► In today’s NY Times — How can America fight unfair work schedules? (reader Q&A) — The decline in union membership goes hand in hand with the rise of disadvantageous pay and scheduling practices. So it stands to reason that having a union would curtail unfair pay and scheduling practices, because unions offer a voice and a means to bargain for better pay and conditions.
EDITOR’S NOTE — Organize!
► From the Hill — Labor readies fall highway blitz — The International Brotherhood of Teamsters union is gearing up for an aggressive fall push to convince lawmakers to approve a long-term highway bill that has eluded transportation advocates for the better part of a decade. Federal funding for road and transit programs is set to expire on Oct. 29.
► In today’s Oregonian — Haggen sues Albertsons, alleging sabotage in store conversions — Haggen sued Albertsons Tuesday for more than $1 billion in damages, accusing the retail giant of deliberately sabotaging Haggen during the largest government-imposed grocery-store sale in U.S. history.
► In today’s NY Times — Union accused of betraying migrant carnival workers — Labor advocates say the new Association of Mobile Entertainment Workers is really a stalking-horse for industry, not a champion for laborers, many of whom come from Mexico. And instead of demanding that companies pay the carnival workers more, the advocates say the union deals assured the employers they would not have to do so.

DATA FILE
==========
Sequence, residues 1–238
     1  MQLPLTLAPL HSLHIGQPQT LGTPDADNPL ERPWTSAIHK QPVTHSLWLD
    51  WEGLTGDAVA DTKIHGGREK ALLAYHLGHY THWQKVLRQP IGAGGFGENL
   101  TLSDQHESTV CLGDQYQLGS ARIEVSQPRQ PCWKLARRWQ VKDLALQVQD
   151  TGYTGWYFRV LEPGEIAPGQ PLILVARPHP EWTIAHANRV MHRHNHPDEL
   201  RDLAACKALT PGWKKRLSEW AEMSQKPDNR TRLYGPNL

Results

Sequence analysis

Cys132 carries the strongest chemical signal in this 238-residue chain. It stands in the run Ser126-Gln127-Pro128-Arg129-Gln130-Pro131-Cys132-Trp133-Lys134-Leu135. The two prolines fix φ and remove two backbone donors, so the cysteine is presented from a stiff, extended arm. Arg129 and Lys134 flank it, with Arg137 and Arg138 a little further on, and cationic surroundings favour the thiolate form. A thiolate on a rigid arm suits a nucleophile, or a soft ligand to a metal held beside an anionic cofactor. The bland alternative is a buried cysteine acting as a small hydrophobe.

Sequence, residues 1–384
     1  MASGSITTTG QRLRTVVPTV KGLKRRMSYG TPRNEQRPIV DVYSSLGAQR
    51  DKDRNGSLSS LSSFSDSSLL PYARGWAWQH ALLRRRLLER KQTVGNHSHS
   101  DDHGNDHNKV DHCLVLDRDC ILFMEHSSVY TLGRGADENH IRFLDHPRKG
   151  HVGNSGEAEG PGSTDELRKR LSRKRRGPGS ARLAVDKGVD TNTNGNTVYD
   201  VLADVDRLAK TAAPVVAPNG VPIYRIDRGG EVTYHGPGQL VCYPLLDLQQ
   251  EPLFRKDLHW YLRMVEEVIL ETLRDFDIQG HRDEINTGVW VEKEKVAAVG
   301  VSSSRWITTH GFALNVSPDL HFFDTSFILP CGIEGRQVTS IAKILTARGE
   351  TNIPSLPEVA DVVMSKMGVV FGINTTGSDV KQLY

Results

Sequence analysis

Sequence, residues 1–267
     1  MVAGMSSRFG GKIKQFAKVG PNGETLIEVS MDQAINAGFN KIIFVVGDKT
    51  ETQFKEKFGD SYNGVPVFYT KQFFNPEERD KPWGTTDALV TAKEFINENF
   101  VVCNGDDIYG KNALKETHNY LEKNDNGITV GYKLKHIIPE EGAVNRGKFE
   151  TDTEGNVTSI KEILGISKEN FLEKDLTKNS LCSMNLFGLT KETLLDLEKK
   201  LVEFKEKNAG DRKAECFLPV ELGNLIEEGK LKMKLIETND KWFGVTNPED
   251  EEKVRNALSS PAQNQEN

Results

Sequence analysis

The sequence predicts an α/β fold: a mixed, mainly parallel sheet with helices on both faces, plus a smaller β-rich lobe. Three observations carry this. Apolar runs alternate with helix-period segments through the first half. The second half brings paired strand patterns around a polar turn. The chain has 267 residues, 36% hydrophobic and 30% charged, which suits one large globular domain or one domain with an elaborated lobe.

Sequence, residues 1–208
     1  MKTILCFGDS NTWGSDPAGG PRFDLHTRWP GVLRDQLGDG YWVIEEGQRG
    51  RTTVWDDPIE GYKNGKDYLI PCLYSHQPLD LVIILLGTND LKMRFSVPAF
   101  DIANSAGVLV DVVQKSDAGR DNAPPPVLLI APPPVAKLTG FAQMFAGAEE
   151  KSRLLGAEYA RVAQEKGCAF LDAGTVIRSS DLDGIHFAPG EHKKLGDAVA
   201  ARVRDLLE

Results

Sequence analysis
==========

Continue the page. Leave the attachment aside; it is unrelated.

► In the L.A. Times — This steel industry battle shows why unions are necessary (by Michael Hiltzik) — The conditions and pay offered non-union workers in Allegheny Technologies’ lockout of more than 2,000 union workers gives a glimpse of what conditions would be like in a non-unionized steel industry. It’s become fashionable among conservative politicians and ivory-tower pundits to say that real-world working conditions have made unions unnecessary or even obsolete… The company wants a sharp cutback on health and pension benefits for all new workers, a familiar trend in American business. New employees won’t get a defined benefit pension, only a 401k. The term for this is “race to the bottom.” The United Steelworkers are holding the line against this peculiar manifestation of gravity.
The Stand posts links to Washington state and national news of interest every weekday morning by 10 a.m.